125 Years Ago 1898
From The East Hampton Star, September 30
The Edison Projectoscope entertainment in Clinton Hall, Friday evening, Oct. 7, will draw a full house. It is one of the most interesting and enjoyable entertainments that can be devised. All who have not seen this wonderful invention, which shows pictures with figures and objects moving as in real life, should improve this opportunity.
Albert Hastings was awarded the first prize, $8.00, given by the committee at the Maidstone club for efficient service of the golf caddies. Herbert Filer and William Butler each secured a second prize of $5.00.
The bath houses were practically closed Sept. 24. Yesterday there were thirty-three persons in bathing, and the bathing was said to be most excellent. It would seem that everything that can be done to induce our visitors to remain here late in the season would have the result of benefiting the place eventually.
100 Years Ago 1923
From The East Hampton Star, September 28
The ceremonies of the presentation of the portrait of John Drew to the town of East Hampton will take place tonight, Friday, September 28, in Clinton Academy at 8:30 o'clock.
Speeches will be made by John Bouvier, jr., John Drew, Hiram Sherrill, chairman; and Nelson C. Osborne.
The residents of the town have generously contributed toward the painting fund which is a sure proof of the high esteem in which Mr. Drew is held by everyone here.
Sheriff Biggs Tuesday night captured 100 cases of Scotch, a 50-foot yacht, a Reo speed wagon and seven men, the largest haul yet made in Suffolk County. The capture was made at Tuthill's dock, New Suffolk, at 1:30, by Biggs, assisted by Under Sheriff Edward J. Weidner, Warden George Gobel of the jail, and Officers Wiggins, Parker, Moir and Burns. No resistance was offered by the alleged rum runners.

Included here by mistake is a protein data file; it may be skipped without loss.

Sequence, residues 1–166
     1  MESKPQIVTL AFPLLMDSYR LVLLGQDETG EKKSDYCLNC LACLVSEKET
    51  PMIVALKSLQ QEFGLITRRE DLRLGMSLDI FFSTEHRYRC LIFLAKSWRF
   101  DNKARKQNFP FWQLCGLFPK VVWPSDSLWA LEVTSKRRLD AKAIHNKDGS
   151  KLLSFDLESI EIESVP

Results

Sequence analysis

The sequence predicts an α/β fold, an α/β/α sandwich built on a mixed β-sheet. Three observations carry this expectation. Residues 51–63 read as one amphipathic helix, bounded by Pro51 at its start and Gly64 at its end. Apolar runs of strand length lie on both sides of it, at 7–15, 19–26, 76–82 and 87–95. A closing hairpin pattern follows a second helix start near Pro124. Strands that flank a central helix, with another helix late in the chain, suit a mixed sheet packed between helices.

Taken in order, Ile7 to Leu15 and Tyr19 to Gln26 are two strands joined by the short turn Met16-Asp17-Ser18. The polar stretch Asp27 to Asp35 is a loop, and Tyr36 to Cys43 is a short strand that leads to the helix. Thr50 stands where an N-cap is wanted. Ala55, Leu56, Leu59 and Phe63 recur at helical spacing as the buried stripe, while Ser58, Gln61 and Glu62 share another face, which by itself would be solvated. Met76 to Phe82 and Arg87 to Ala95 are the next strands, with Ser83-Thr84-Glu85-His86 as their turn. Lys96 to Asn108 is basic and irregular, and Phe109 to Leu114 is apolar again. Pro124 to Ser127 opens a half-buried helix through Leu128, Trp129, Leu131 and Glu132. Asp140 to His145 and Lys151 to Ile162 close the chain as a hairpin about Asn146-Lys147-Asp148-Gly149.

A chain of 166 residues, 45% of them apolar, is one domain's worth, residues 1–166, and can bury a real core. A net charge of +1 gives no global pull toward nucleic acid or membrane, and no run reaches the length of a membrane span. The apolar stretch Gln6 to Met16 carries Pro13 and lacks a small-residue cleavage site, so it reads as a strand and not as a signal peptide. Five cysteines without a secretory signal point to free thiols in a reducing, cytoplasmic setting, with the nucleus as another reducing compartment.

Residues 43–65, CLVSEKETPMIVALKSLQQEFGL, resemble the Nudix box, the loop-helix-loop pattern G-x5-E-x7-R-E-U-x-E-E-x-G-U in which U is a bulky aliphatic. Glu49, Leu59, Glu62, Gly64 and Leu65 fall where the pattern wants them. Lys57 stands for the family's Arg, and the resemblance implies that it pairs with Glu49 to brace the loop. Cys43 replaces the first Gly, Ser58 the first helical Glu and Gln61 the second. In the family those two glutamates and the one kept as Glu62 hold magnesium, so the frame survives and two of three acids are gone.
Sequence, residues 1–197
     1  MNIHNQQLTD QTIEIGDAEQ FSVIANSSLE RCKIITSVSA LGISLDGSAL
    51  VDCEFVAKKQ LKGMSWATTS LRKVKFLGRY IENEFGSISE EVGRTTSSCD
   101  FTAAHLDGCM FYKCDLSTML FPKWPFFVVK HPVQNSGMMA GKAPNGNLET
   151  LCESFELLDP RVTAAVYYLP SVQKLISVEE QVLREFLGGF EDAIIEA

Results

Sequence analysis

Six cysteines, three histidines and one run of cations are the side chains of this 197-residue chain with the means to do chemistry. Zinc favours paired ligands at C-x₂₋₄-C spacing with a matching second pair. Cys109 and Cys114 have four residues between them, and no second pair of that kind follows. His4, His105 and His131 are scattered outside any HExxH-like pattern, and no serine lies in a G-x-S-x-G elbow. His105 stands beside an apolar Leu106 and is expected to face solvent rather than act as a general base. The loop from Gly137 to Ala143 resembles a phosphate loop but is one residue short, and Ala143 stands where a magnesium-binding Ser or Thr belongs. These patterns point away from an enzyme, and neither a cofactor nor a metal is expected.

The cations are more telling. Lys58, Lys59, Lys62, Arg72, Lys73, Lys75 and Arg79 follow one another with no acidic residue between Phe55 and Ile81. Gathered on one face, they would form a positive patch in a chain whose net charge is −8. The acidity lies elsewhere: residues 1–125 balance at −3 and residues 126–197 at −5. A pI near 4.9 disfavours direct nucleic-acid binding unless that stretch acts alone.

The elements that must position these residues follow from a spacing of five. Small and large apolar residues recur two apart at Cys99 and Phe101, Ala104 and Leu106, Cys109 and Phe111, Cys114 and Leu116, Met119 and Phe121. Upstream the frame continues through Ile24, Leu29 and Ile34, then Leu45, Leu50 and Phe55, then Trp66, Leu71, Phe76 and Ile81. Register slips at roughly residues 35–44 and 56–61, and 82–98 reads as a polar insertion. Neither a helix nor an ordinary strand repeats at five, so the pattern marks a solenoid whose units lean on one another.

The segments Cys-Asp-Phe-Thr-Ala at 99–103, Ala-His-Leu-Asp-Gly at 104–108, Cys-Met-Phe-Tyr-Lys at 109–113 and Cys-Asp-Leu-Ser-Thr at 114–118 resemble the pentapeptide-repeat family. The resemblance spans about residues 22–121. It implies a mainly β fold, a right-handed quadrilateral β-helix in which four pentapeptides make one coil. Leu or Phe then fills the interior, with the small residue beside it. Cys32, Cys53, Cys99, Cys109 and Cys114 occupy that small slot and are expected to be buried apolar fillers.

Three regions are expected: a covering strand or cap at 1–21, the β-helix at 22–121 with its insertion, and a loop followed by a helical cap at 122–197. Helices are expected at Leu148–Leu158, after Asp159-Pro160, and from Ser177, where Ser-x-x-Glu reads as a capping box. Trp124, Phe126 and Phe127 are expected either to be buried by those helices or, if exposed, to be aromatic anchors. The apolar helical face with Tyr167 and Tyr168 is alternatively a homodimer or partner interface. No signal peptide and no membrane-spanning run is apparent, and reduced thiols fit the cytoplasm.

The yacht is the Natawa, said to hail from Brooklyn and supposed to be owned by George Simons, alias Bernstein, 34, of 1238 Bay Parkway avenue, Brooklyn, one of those arrested. He is also alleged to be the owner of the rum seized.
A number of Masons from this vicinity are planning on attending the ceremonies accompanying the laying of the cornerstone of the George Washington Masonic National Memorial at Alexandria, Va., on Thursday, November 1. The event will draw together the largest number of Masons ever attending any ceremony.
The memorial is an expression of the esteem in which the Masons of the United States hold Washington, the Mason.
75 Years Ago 1948
From The East Hampton Star, September 30
September 30 marks the close of Montauk's finest season. John A. Craft, General Manager of the Montauk Beach Company, Inc., stated that Montauk Manor, which will continue under the direction of Karl P. Abbott in 1949, experienced its most successful season since 1927 when the famous resort hotel was first opened to the public by Carl P. Fisher.
Although Labor Day marked the end of the holiday season for most at the Manor, the resort hotel continued in full operation until September 15 in order to accommodate several large convention groups.
On October 17 the churches of the village will all observe Church Loyalty Sunday. A committee composed of representatives of the Protestant churches is making plans to make everyone church-conscious for at least one week. Display cards will appear in windows, and stickers on windshields and letters, all suggesting I'll "See You in Church Sunday."